Understanding Self-Sabotage and How to Overcome It

Self-sabotage is a behavior that goes against our own goals and values, despite our own desires, dreams or values. It is often caused by low self-esteem, negative self-talk and related negative emotions, which are continually reinforced by the resulting failure. Procrastination is a common form of self-sabotage, as it is a way of showing others that we are never ready and we postpone a good result. This is because people fear disappointing others, failing or succeeding.

Self-sabotage can affect almost every aspect of our lives, whether it's a relationship, a professional goal, or a personal goal such as weight loss. It is an incredibly frustrating cycle of behavior that reduces our self-confidence and makes us feel trapped. The root cause of self-sabotage is often a lack of faith in oneself. We may choose to self-sabotage because we want something, but then fear that we will actually get it, that we can't handle it, and we ruin everything.

This could be getting a promotion, finding the perfect relationship, or starting a business. We may think that by sabotaging ourselves we can save ourselves from pain, shame, and disappointment. Self-sabotage can take many forms. For example, procrastination is often driven by fear of failure or success.

Maybe you're postponing that research paper because you're worried you won't write it as well as you expected. You know that writing it at the last minute won't help the quality, but it will give you control of that result because you chose to write it at the last minute. Stress eating after work is another example of self-sabotage behavior. If your alternative behavior to stress eating is eating a small, healthy snack instead of eating junk food, what could stand in the way of that new behavior? That's why Vision Boards can be so helpful in overcoming self-sabotage.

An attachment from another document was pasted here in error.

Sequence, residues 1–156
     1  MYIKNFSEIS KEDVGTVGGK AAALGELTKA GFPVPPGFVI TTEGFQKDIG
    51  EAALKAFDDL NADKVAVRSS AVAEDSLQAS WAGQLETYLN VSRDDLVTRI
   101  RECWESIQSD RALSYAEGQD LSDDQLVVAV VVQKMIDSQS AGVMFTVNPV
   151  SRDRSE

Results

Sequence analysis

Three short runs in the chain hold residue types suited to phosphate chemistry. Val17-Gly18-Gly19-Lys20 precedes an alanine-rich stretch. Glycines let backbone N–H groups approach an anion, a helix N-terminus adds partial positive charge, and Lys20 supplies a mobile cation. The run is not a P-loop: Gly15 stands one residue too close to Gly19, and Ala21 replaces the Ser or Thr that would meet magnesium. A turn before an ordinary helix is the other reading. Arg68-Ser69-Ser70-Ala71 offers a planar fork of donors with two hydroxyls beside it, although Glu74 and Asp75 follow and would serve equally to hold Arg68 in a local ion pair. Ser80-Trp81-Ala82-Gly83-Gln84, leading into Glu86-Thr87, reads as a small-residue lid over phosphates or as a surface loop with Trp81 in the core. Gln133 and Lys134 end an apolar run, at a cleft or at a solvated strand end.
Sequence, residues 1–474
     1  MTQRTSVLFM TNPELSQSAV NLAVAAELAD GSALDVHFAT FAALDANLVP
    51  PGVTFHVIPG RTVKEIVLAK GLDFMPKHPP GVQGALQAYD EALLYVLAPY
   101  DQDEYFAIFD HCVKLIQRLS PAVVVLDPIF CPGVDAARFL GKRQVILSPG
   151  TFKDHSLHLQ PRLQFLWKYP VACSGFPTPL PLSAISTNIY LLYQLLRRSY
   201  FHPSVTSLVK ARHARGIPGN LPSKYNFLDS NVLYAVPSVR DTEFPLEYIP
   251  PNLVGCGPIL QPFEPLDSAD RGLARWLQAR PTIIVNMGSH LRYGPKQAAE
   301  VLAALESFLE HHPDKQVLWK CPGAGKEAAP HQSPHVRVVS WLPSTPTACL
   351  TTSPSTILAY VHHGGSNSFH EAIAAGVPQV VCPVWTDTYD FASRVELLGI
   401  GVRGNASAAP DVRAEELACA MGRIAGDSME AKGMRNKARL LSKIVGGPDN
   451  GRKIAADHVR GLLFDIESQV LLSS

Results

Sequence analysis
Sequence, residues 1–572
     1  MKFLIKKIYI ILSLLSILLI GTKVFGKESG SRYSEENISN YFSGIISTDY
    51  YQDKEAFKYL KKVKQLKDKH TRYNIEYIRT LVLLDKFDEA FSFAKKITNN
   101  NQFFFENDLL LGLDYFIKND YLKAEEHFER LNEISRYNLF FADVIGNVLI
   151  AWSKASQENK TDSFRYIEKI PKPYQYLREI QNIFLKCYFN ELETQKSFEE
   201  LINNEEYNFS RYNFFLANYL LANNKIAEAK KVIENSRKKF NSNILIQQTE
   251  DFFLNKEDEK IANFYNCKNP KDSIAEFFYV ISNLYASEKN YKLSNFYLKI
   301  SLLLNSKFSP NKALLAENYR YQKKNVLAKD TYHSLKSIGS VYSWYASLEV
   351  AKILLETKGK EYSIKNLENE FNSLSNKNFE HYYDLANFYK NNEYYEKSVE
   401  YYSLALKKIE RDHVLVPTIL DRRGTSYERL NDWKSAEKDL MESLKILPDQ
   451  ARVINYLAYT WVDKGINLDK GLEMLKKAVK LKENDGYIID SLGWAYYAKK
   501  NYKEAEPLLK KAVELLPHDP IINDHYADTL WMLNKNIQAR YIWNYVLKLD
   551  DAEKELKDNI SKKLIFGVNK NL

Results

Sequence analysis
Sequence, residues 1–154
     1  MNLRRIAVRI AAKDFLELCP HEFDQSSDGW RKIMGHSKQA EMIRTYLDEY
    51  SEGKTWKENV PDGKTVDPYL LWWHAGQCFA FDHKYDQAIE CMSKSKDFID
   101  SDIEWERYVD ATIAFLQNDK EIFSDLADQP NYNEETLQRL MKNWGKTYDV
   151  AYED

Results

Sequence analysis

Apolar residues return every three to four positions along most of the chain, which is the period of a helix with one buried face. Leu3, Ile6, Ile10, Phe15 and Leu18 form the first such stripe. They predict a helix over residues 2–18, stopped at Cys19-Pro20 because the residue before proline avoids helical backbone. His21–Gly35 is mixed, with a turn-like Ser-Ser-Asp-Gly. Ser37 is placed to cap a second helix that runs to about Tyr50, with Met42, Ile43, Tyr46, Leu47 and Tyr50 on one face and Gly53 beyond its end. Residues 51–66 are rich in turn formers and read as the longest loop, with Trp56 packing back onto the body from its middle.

A vision board appeals to the right side of the brain that is more connected to its artistic and less rational side. Using images, sounds, scents, tactile material, etc., can help us communicate with our amygdala-driven selves. Recent research has confirmed that self-sabotage in the form of procrastination is emotional in nature. We may feel instant pleasure when we see ourselves in the trash and imagine another worse self-sabotage we could do and can't wait to do it. When we become aware that we are self-sabotaging, the critic's voice starts to hit us and shame takes hold of us and our thinking is distorted.

Our self-sabotage creates feelings of aversion towards ourselves, reinforces our low self-esteem and how we deserve the poor results of it. The reasons for sabotaging relationships are complex, but understanding the origins of sabotage is key to change. For some people, self-sabotage may have been learned in childhood due to being constantly criticized and belittled by parents or guardians. This can lead to subconsciously sabotaging relationships with people they really want to be with. Self-sabotage can also take more extreme forms such as eliminating a career or vice president position through self-sabotage. The key to overcoming self-sabotage is understanding its origins and developing strategies to counter it.

This could include developing healthier coping mechanisms for stress such as eating a small healthy snack instead of junk food or engaging in activities such as yoga or meditation. It's also important to practice positive self-talk and build up your self-confidence so you don't feel like you need to sabotage yourself in order to protect yourself from pain or disappointment.